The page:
In 2006, SnowSports Industries America (SIA) began working with eBay to track snowboarding equipment sales on the online auction behemoth due to a hunch that the traffic was overwhelming. The results of the data confirmed suspicions that huge volumes of snowboard hardgoods are moving on the site, and the majority of it was new equipment. Between August 2007 and March 2008, 57,170 snowboards were sold on eBay, of which 37,182 were new. According to SIA’s calculations, this translates to nearly 6.5% of all new snowboards sold during the season. Add another 14.5% sold via other Internet retailers, and the numbers become truly staggering.
While this generally means great deals on new product for consumers, manufacturers are up in arms about the situation and are putting a great deal of effort into curtailing these sales which can erode brand integrity, drive down overall market value, and undermine the supply chain. “As a means to protect Ride’s Authorized Retailers, we do not permit eBay sales and work aggressively to enforce it,” says Ride Brand Director Scott Mavis. “Our goal is to protect, promote, and support the specialty retailer and e-bay is not a channel of distribution we deem appropriate to that end.”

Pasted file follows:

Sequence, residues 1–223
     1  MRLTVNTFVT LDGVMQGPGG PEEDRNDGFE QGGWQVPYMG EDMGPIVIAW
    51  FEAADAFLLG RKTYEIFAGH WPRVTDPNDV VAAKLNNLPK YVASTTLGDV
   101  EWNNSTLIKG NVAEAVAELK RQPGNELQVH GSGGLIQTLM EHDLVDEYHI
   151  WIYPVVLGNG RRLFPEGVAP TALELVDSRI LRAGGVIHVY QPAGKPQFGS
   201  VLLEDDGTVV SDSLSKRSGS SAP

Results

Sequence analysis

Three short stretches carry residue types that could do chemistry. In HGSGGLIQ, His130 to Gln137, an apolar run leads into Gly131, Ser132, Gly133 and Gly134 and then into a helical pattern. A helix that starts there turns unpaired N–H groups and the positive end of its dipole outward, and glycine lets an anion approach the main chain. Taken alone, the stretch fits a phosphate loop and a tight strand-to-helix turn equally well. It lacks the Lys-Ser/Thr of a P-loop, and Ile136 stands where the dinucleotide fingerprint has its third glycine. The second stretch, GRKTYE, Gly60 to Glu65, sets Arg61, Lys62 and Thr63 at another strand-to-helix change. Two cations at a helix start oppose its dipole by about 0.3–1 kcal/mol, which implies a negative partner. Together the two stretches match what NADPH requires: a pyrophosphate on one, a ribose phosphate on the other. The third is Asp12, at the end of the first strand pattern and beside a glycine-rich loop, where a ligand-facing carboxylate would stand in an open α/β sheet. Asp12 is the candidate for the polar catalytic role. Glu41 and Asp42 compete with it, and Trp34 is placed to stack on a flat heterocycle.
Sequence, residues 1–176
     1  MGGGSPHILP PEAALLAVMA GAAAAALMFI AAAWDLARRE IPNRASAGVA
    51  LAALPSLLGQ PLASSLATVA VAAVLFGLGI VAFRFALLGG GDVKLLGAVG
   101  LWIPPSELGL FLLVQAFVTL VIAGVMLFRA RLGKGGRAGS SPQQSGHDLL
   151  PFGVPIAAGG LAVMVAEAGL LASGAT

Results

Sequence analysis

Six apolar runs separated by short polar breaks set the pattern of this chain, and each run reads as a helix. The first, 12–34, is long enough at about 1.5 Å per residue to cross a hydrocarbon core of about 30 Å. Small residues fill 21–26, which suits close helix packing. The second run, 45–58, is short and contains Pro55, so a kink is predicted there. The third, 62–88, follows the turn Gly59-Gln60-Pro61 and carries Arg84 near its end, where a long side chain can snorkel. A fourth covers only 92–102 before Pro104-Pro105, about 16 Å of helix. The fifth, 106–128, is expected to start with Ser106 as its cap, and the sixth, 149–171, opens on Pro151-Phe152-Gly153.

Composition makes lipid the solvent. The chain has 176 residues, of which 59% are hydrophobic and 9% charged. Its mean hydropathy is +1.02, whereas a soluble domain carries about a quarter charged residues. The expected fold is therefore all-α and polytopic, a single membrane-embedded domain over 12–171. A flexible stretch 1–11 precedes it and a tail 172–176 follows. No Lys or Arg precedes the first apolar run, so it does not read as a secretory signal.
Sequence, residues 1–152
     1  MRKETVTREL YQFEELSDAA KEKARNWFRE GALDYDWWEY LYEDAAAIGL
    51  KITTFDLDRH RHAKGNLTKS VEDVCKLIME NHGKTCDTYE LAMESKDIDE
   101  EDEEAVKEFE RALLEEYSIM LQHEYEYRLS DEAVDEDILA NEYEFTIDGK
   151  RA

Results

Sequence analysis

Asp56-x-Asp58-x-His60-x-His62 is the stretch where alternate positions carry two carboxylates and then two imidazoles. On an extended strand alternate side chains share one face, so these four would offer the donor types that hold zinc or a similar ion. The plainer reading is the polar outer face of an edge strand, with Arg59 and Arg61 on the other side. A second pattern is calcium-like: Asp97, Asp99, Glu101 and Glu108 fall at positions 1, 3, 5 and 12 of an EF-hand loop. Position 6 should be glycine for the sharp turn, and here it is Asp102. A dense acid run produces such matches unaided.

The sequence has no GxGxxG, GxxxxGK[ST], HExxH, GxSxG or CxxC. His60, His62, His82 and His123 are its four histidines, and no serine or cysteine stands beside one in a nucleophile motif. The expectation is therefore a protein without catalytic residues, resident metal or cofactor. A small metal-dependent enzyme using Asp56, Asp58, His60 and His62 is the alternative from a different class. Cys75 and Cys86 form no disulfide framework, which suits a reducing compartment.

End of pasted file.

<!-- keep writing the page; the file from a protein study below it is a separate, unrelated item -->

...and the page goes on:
On the retailer side of the coin, there are mixed emotions. Many shops feel that it is a legitimate way to move outdated, overstocked product that companies won’t take back, but other companies are bending manufacturers rules and selling in season product below MSRP. “It’s a double edge sword,” says ZJ’s Boarding House’s Todd Roberts. “It’s one way to move a few old pieces that you want to remove from your sales floor so you can save the valuable retail space for in season product. The bad thing is that we find in season product on Ebay for a substantial discount and then we have consumers finding that and asking us to match price. That really stings!!!”
Stay tuned to our July issue for an in depth look at this trend and what it means to you.